Sustainability is growing in importance with environment, social, governance (ESG) factors now a mainstream set of considerations for investors.
Fergus Hicks, real estate strategist at UBS Asset Management, explains:
“In order to meet the targets of the 2015 Paris Climate Agreement, environmental regulation is set to get stricter in the property sector. CO2 taxes on building emissions as well as energy consumption thresholds are potential tools of this approach. Sustainability regulations are, however, also reaching out beyond just energy efficiency. For instance, some local regulations might require buildings to comply with social standards, with a main focus on comfort and safety in and around the property. As the urban environment densifies, architectural quality, the organization of communal areas and recreation areas will become more important.
“Investors (institutional in particular) are also increasingly embracing ESG when deciding upon real estate investments and external fund managers. In 2019 PERE ran a global survey of institutional investors in the real estate sector. 43% said that they would not invest with a fund manager who did not have an ESG policy. Negative screening to ensure minimum sustainability requirements are met is becoming ever more popular when selecting real estate products and managers. One third of all EMEA respondents have already built this filter into their investment processes. Primary beneficiaries of institutional real estate investments are also at the forefront of this evolution; eg, pension fund members are increasingly vocal in demanding greater ESG transparency.”
New ESG preferences of property users are also changing real estate. This is especially true with the commercial sector, with occupiers vountarily disclosing more about their corporate responsibility and the environmental impact of their businesses. Sustainability indicators such as these for the property being leased can be a factor in assessments, automatically placing new demands on commercial leases.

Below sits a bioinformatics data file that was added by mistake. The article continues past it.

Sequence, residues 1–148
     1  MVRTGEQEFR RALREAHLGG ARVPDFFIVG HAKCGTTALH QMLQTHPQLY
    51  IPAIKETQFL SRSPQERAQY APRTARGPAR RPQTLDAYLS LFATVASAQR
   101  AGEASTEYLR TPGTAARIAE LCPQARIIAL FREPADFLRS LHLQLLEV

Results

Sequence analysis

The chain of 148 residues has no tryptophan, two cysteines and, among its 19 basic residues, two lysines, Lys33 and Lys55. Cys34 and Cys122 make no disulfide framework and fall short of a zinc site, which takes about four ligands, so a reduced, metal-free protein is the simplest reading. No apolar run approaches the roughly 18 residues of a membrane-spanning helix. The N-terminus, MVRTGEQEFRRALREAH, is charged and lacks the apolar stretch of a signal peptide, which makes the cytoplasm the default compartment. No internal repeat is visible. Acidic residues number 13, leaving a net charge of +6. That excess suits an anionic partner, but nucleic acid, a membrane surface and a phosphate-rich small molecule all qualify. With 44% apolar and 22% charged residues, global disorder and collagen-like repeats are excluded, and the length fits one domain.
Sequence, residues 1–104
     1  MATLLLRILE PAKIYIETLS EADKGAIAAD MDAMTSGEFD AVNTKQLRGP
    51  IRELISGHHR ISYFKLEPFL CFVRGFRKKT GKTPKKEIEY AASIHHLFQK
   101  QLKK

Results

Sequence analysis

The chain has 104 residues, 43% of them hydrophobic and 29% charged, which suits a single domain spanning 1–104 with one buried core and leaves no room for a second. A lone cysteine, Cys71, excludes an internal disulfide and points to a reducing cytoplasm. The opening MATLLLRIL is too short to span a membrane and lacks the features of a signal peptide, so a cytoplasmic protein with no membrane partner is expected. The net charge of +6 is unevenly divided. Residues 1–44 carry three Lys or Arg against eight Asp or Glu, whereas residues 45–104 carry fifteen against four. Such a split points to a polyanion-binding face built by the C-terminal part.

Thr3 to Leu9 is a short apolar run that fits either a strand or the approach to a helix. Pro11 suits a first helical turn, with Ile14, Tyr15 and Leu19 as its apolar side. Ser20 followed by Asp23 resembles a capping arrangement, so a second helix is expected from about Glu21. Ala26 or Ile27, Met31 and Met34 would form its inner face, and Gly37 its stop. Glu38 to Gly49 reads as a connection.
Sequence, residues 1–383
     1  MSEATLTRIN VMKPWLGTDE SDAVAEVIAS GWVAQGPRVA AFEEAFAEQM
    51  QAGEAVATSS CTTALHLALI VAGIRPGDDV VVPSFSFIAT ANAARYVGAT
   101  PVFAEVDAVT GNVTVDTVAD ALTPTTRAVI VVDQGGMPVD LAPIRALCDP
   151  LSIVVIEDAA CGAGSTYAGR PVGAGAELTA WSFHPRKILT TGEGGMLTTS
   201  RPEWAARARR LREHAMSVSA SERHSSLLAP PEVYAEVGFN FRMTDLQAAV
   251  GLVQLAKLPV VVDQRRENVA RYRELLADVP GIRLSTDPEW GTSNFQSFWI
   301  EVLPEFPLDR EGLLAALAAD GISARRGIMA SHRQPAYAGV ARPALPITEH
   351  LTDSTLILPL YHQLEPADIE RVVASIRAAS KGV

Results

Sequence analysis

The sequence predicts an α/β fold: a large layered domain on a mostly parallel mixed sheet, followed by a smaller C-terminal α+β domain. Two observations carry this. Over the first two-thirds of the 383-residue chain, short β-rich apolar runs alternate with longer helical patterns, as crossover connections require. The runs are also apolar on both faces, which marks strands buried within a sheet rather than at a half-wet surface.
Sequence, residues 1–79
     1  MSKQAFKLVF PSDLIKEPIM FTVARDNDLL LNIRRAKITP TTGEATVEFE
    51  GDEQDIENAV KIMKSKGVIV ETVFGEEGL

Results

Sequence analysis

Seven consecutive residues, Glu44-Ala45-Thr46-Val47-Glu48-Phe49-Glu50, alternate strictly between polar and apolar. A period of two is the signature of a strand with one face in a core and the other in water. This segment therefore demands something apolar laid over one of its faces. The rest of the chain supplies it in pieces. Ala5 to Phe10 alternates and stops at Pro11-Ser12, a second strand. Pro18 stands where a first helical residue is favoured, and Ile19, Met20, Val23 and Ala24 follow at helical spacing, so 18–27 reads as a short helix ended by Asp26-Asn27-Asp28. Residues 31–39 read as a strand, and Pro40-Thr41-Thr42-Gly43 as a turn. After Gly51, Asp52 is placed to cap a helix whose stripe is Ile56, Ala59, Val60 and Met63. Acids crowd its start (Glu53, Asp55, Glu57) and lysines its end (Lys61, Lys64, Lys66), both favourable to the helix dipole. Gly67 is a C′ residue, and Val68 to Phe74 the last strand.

Most managers around the world have already built ESG into their decision making, according to the Global ESG Real Estate Investment Survey in 2019 by Bentall Kennedy, Realpac and UNEP Finance Initiative. Approximately 90% of the investment platforms analysed, which manage around $1,100 billion worldwide, include ESG reporting in their processes, UBS cited from the survey. The survey also reveals that asset managers are placing greater emphasis on social responsibility, sustainable corporate management and the circular economy, in addition to just energy-related matters.
Fergus Hicks added:
“The integration of ESG factors by the real estate industry is leading to new measurement, reporting and comparability requirements. Comprehensive sustainability strategies require analysis of data on real estate portfolios and lessees, in turn demanding the production and management of significant quantities of data. The use of new technology is essential if a range of sustainability KPIs is to be efficiently and economically reported on.”